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Mower season means risks for eyes, toes, fingers

  • Story Highlights
  • 100,000 people in U.S. suffered lawn mower accident injury in 2006
  • Most victims are 25-64; more than 22 percent of injuries involve wrist, hand, finger
  • Wear protective goggles, gloves, boots, long pants; never mow barefoot, in sandals
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By Judy Fortin
CNN Medical Correspondent
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ATLANTA, Georgia (CNN) -- Andre Rives no longer mows his own lawn and it's not because he's too busy. The thought of cutting his grass brings back some bad memories.

A lawn mower can eject a piece of metal, rock or wood up to 100 mph.

"Man, did this just happen to me?" Andre Rives asked himself after losing three toes in a mowing accident.

Rives, a 28-year-old cable technician from Ellenwood, Georgia, accidentally cut off three toes on his right foot two years ago while trying out his new riding mower.

"I was going too fast and my shorts got caught on the gear shift," Rives recalled. "I came too close to the curb and I couldn't stop. I ended up sliding off and my foot went under."

Rives is one of 100,000 people in the United States in 2006 who suffered an injury in a lawn mower accident.

The American Academy of Orthopaedic Surgeons, which tracked the statistics, said the problem is more common than people think.

The group reported most injuries occur among adults age 25 to 64, followed by children under the age of 5. More than 22 percent of injuries involved the wrist, hand or finger; nearly 14 percent involved the foot, ankle or toes.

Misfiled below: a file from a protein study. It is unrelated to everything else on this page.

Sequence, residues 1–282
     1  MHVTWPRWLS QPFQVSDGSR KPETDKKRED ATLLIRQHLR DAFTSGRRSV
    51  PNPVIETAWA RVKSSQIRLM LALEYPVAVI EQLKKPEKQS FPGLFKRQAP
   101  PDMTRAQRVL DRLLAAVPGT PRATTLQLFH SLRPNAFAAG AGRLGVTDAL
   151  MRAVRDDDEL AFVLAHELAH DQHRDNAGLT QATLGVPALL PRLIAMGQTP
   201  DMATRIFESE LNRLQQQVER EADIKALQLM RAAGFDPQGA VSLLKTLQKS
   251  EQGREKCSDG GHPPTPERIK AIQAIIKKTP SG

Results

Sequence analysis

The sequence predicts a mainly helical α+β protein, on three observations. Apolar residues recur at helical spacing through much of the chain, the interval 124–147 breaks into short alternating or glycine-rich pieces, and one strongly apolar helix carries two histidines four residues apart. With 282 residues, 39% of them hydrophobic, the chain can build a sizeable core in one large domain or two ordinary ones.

"Most of the time it's a pure accident," said Dr. Marvin Royster with the Peachtree Orthopaedic Clinic in Atlanta, Georgia. "They slipped on the lawn mower, the grass was wet or the lawn mower overturned."

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Royster described some injuries, such as burns from touching the muffler, as mild. But other risks are greater; a mower can eject a piece of metal, rock or wood up to 100 mph, he said. Video Health Minute: More on lawn mower risks »

In Rives' case, the accident resulted in the amputation of three toes.

Royster repaired some of the damage in the operating room but was unable to re-attach the digits. He met with Rives recently for a follow up visit. "Andre is doing very well," the doctor said. "He has a little trouble with running and getting up on the ball of his foot, but other activities, he's able to do quite well."

The Association of Orthopaedic Surgeons noted that most lawn mower injuries are preventable if some basic safety guidelines are followed.

"The main thing is you need to wear protective clothing," Royster cautioned. Wear protective goggles, gloves, boots and long pants. Never mow barefoot or in sandals. "Mowing the grass with flip-flops on or sandals on, you're just asking for trouble," Royster said.

Have your lawn mower serviced before the start of the season to ensure it's working properly. Do not remove any safety devices on the machine. Be sure to add fuel before starting the engine, not when it's running or hot. The liquid could overflow or flame up.

Finally, keep hands and feet away from the lawn mower blade even if the machine is turned off. Once cleared of an obstruction, a blade can swing around and cause injury.

Rives realized immediately after his accident that he made a number of common sense mistakes. "Even in the hospital, I'd say 'Man, did this just happen to me?' "


He said he's learned his lesson. His wife made him sell his riding mower after the accident. He pays professionals to mow his lawn twice a month.

Rives said that in spite of having just two toes remaining on his right foot "I am not having a pity party for myself. I have to keep going on."

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